The Knitting Nurse

Rambles and Travels

Ode to Poison Oak – Toxicodendron diversilobum

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This post is dedicated to POISON OAK.

Such a beautiful plant, such a nasty plant.  CA has poison oak.

Fall’s starting which makes me a happy gal.  There’ve been some hot days this summer.  Though our straw-colored hills studded with dark green oaks have their beauty, cool days, rain and green hills I crave.

A little walk I took the other day. It’s in a redwood preserve some 20 minutes away called Roy’s Redwoods.  A three+-mile loop makes for a satisfying, short walk through open grassland, redwoods and a dark forest of bay trees.  I’m rather fond of it.

The poison oak is changing to red, all shades.

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Other leaves hint at change:

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Not all animals fear the plant.  Numerous birds eat its berries, black-tailed deer, wood rats and mice browse the leaves, stems and twigs.  Some moth larvae eat the leaves and use them for shelter. Bees gather its nectar.

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Humans?  I read CA Indians used the plant for basket making, dye production, and tattoo ink.  The plant was also used as a medicinal aid.  Some may have had immunity to the plant’s oils.  Still, records of Indian remedies for the rash all dread exist.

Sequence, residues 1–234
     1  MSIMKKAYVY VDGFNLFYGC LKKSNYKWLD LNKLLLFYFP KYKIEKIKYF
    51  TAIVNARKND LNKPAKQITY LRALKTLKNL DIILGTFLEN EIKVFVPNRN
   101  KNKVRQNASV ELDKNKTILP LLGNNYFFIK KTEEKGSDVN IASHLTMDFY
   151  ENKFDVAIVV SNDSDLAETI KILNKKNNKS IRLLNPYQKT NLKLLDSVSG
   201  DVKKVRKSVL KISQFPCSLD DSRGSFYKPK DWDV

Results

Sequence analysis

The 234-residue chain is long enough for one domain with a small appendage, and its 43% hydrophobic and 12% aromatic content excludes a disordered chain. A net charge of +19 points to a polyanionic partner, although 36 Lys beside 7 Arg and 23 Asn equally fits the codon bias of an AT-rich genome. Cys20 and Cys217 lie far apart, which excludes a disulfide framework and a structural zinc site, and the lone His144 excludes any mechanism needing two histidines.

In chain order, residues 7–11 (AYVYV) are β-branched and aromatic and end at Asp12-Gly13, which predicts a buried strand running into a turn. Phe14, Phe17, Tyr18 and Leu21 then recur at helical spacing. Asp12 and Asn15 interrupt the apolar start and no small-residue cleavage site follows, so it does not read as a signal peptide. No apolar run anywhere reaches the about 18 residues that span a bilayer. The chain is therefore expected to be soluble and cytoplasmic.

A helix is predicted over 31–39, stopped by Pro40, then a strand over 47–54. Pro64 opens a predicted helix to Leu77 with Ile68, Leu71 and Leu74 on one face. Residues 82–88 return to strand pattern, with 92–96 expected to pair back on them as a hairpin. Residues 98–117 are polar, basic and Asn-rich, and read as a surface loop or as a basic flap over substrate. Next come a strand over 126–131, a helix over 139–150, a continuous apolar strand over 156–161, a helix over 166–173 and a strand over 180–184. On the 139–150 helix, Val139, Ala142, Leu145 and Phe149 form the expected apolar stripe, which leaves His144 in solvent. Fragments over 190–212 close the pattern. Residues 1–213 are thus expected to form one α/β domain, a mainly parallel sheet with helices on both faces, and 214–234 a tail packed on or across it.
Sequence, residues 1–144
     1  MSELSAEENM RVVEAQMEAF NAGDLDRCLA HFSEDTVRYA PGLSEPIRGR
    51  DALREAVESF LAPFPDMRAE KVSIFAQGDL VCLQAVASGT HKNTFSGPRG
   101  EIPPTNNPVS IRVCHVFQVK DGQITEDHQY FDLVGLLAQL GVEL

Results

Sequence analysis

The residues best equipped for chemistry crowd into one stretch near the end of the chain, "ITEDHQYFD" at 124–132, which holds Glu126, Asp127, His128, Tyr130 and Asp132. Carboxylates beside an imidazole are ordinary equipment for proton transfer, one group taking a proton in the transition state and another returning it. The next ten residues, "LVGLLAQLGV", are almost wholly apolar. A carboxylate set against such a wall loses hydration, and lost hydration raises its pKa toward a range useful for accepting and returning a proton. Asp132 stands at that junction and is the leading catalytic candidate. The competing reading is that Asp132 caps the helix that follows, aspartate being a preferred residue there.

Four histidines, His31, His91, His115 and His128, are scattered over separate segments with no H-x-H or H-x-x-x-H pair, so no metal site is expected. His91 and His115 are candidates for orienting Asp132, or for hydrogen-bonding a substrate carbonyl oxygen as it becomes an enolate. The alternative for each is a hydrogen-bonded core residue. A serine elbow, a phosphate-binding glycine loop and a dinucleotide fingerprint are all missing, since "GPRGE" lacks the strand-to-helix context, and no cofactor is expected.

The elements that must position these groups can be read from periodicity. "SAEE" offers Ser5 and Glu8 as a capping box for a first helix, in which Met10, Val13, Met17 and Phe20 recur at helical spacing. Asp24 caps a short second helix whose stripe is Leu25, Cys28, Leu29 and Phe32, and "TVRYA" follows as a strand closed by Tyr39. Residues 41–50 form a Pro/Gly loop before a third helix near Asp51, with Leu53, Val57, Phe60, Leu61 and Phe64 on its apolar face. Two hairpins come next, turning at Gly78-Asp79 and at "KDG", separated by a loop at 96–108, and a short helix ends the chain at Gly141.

Remedies:  I wash with a soap product called Tec-nu after any exposure to the plant.  This wash stays in my car for immediate suspect post hike use/trail volunteering work use.  It’s a little chemical-based for my liking but I still use it.  Washing off the oil ASAP is the most important step.  I also try to corral boots/clothing exposed to the plants in plastic bags until washed.  That oil spreads easily.  I’ve even stripped off pants before getting into my vehicle when I know I’ve waded through much.

When I get the rash I apply Triamcinolone cream (a steroid topical RX) as soon as I feel the itch/see the bumps start.  Itching spreads it over your body.  The last bit I got wasn’t bad at all.

Maybe my body’s getting used to it?  Won’t push my luck.

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Blackberries are in abundance. They make fine trail snacks and I’ve picked larger quantities, on the road-side, to take home.

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Leaves of three, let it be:

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Such a pretty plant.

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